First To Fall: Vancouver FC Eliminated From Playoff Contention
The Canadian Premier League’s newest club rests dead last in league standings, becoming the first team to be mathematically eliminated from playoff contention following this weekend’s loss to league-leaders Cavalry FC.
It’s been a tough introduction for Langley’s Vancouver FC, who bowed out of contention of whilst sitting on just 20 points from 24 games. They’ve conceded the most goals by some margin, whilst only scoring one goal more than second-last side Valour FC.
Suffice to say, there’s nowhere to go but up from The Eagles, though there are a few positives to take in as the season nears its end.
High Estimates, Low Returns…So Far
Head coach Afshin Ghotbi had predicted that his club could challenge for playoffs right from the get-go, with a North Star Shield on the menu by year two. It’s safe to say things things didn’t go to plan, with more than half of the club’s matches ending in losses.
Still, the expansion still has time to avoid worst full season in Canadian Premier League history: that result currently lies with FC Edmonton last year, who finished on twenty points in what became the club’s final campaign and found themselves eliminated in late August. If VFC can pick up a single point, they’ll be ahead of them in the overall wooden spoon history rankings.
It should also be pointed out that when the league’s first expansion side Atletico Ottawa finished its first full season, it also finished dead last. Vancouver FC fans can take solace in that as the club seeks to finish out the season on a positive note.
The Recipe Is There
There are moments of magic produced by the club that show that, with refinement, Vancouver FC can prove to be a much more competitive Canadian Premier League side than we’ve seen thus far.
It’s clear the midseason transfers had an impact: Mikael Cantave has proved a fruitful addition, while players like Renan Garcia and Vasco Fry, coupled with the return of Kadin Chung, saw the club look much more cohesive on the pitch – but they’ll also need some mentality adjustments to stay in matches when they go behind, which is something they’ve done often thus far.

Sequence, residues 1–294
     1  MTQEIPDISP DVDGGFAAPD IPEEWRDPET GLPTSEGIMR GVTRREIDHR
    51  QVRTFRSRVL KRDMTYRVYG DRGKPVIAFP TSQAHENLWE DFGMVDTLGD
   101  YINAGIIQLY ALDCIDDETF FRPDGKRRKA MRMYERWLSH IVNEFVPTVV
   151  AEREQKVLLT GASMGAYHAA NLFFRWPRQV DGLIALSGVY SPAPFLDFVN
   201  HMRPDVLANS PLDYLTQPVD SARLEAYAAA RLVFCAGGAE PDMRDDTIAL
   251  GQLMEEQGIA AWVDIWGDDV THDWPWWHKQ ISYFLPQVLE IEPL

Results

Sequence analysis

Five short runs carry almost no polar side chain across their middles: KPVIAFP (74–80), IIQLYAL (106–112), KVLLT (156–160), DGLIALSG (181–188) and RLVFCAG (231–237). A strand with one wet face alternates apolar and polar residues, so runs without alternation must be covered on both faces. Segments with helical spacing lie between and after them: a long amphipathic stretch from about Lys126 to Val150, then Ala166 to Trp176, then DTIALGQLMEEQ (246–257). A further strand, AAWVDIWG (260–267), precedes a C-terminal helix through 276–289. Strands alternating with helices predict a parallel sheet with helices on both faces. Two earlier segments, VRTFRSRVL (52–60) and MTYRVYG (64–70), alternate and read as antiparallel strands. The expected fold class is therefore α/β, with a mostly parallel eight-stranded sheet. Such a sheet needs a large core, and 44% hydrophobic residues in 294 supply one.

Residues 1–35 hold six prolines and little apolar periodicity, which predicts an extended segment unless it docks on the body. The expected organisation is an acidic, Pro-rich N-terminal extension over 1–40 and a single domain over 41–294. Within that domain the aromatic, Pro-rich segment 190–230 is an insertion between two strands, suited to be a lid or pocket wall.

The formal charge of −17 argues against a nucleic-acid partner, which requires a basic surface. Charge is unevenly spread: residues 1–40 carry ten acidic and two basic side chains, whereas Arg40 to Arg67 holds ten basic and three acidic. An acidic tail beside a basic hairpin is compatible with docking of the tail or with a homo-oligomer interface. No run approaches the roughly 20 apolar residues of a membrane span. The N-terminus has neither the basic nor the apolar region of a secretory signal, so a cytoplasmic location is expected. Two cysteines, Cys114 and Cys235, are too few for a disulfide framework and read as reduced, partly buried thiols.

Still, the club’s mid-season movement and the addition of much-needed experience shows that the VFC decision-makers are willing to roll up their sleeves and make big decisions to get improved results. While this year’s pivoting wasn’t enough to save the season, nothing short of a titanic turnaround would have been.
The biggest issue with the expansion club’s difficult debut has been on the defensive end, with Vancouver recording a league-worst goal differential of -24 at the time of their elimination, or nearly two goals per game on average. In the thirteen matches where they conceded more than one goal, they only managed to fight back and secure a result once.
Also setting the club up for defeat was its away form, with Ghotbi’s side only securing one away win – the club’s first-ever three pointer – at the time of their elimination. They secured their other four wins in twelve home matches, but most of their games came as tough losses.
One thing is clear for 2024: if success is to come to Willoughby Community Park, head coach Afshin Ghotbi will need to ensure things are locked up tight at the back
The Building Blocks For A Stable Roster
The inaugural roster saw no less than seven mid-season departures, and that’s indicative of how things just didn’t click right out of the gate. It also shows that the club wasn’t afraid to make big calls when change looked sorely needed.
Suffice to say, we expect that the pieces that worked will stay, but there’ll be more turnover ahead of the club’s second campaign as Vancouver aims for postseason possibilities next year. Let’s not forget that the Halifax Wanderers cleaned house with sixteen departures after its own inaugural season.
On the upside, Vancouver FC has found a nice collective of first year rookies who acclimated well to the professional level: teenage talent like TJ Tahid, Anthony White, and James Cameron can play bigger roles next season, and those domestic youngsters can become long-term contributors on the lower mainland.
It’s no secret that Afshin Ghotbi entered the league with the biggest international pedigree seen by a CPL coach, but little went to plan in Vancouver FC’s inaugural season. Lackluster results on the pitch and the in-season departures of seven roster members show plenty of year one turmoil for the club, who’s owners also saw less-than-expected attendance figures amidst some personnel departures from its parent company.
While Rob Friend has pulled the trigger to fire head a coach amidst disappointing results before, we expect SixFive Sports and Entertainment to stick with Ghotbi and see how he does after a follow-up season allows him a much longer runway of preparation – after all, this year’s roster was assembled in a matter of months, and it showed.
Their neighbours Pacific FC had a tough inaugural campaign before cementing themselves as consistent title contenders, so the lower mainland will seek out a sense of comparative improvements – and eventually, the same kind of sustained success – as their foes on the Isle.